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Carl Von Clausewitz's "On War": A Book That Shook the World (Books That Shook the World) Hardcover – 8 Oct 2007

4.5 out of 5 stars 2 customer reviews

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Product details

  • Hardcover: 256 pages
  • Publisher: Atlantic Books (8 Oct. 2007)
  • Language: English
  • ISBN-10: 1843543915
  • ISBN-13: 978-1843543916
  • Product Dimensions: 13.7 x 2.4 x 20.5 cm
  • Average Customer Review: 4.5 out of 5 stars  See all reviews (2 customer reviews)
  • Amazon Bestsellers Rank: 1,475,177 in Books (See Top 100 in Books)
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Product description


"'A towering achievement.' Richard Holmes, Guardian 'One of the most impressive books of modern history in a generation.' Max Hastings, Evening Standard"

Book Description

Now in paperback, Hew Strachan tells in engaging and vivid detail the story of the most important treatise on war ever written: a book that has been blamed for the unprecedented death tolls in the First and Second World Wars. --This text refers to an out of print or unavailable edition of this title.

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Most Helpful Customer Reviews on (beta) (May include reviews from Early Reviewer Rewards Program) 5.0 out of 5 stars 2 reviews
7 of 7 people found the following review helpful
5.0 out of 5 stars A Must for Clausewitz Scholars 26 Nov. 2007
By J. Czarnecki - Published on
Format: Hardcover Verified Purchase
Hew Strachan has written an extraordinarily insightful book on Clausewitz and his theory/philosophy of war. The book is important for two reasons: (1) it provides a useful corrective to the current over-indulgence with the Howard-Paret interpretation of Clausewitz's major English-translated book, "On War;" and (2) it provides additional arguments that support the relevance of Clausewitz's thoughts to current times and events. Of course, Clausewitz should be relevant since he was digging into the psychology of war as much as its practice. Human psychological evolution changes much more slowly than the technologies of war; thus if Clausewitz got the psychology right, his ideas should endure. According to Strachan, they do. However, Strachan's most salient insight is this: that Clausewitz never intended to predict or forecast war in the future. He only tried to explain it in the present. That Clausewitz's explanations remain fresh is testament to the depth of his understanding of the dark side of the human psyche.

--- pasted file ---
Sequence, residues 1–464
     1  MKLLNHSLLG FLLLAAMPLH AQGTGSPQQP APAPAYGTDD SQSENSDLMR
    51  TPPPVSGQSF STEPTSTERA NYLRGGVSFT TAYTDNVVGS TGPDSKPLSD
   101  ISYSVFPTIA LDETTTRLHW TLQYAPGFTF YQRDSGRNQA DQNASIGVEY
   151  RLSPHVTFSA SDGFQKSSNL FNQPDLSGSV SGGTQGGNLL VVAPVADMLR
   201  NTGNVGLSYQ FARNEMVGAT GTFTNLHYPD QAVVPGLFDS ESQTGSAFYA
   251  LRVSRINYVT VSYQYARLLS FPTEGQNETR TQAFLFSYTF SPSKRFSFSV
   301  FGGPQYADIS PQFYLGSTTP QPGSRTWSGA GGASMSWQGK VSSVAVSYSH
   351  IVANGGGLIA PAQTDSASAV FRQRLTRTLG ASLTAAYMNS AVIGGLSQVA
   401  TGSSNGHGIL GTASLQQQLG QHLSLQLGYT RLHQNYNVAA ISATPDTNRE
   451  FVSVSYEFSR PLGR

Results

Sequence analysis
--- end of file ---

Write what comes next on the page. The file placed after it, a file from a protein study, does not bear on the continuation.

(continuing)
5.0 out of 5 stars Marvelous Insight into ON WAR 25 Jan. 2013
By Stephen M. St Onge - Published on
Carl von Clausewitz spent the last dozen years of his life producing On War, a work unlike any that had come before it. Many authors, going back to Sun Tzu and The Art of War (1963), had written works on tactics and campaigns, advising the general on how to win on the battlefield. Clausewitz himself had done this with his Principles of War. But in On War, Clausewitz aimed higher, seeking to produce a general philosophical work on war and strategy. However, Clausewitz died suddenly, and the work published as On War had to be pulled together from his drafts and notes by his widow and brother-in-law. Additionally, Clausewitz's thinking changed over the dozen years he worked on his project, so that some parts of On War are contradicted by other parts. As a result, Clausewitz has been cited in support of many different and sometimes incompatible positions.

Strachan cuts through this confusion, showing how some features of Clausewitz's thinking remained constant, and how other portions changed. Strachan separates out some of the great Prussian's main ideas, but instead of summarizing them, he paints a picture of their complexity, and how they interact. He follows Clausewitz's development of his theory, and shows us how Clausewitz expanded the scope of his thought, and brought in new ideas. Most importantly, Strachan stresses what Clausewitz saw as the most important idea of all: war is a complex interaction of reason, passion, and chance, constantly changing, something that must be looked at afresh in each conflict, and during the conflict, to see what its nature is NOW.

Read Carl von Clausewitz's On War to find out both how to approach On War, and how to think about the complex subject of war.

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